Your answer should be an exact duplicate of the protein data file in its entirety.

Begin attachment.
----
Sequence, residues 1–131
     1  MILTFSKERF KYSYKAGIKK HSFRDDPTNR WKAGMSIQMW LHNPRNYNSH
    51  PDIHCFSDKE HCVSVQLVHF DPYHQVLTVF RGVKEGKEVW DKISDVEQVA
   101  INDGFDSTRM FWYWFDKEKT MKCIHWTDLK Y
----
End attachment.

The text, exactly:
Sequence, residues 1–131
     1  MILTFSKERF KYSYKAGIKK HSFRDDPTNR WKAGMSIQMW LHNPRNYNSH
    51  PDIHCFSDKE HCVSVQLVHF DPYHQVLTVF RGVKEGKEVW DKISDVEQVA
   101  INDGFDSTRM FWYWFDKEKT MKCIHWTDLK Y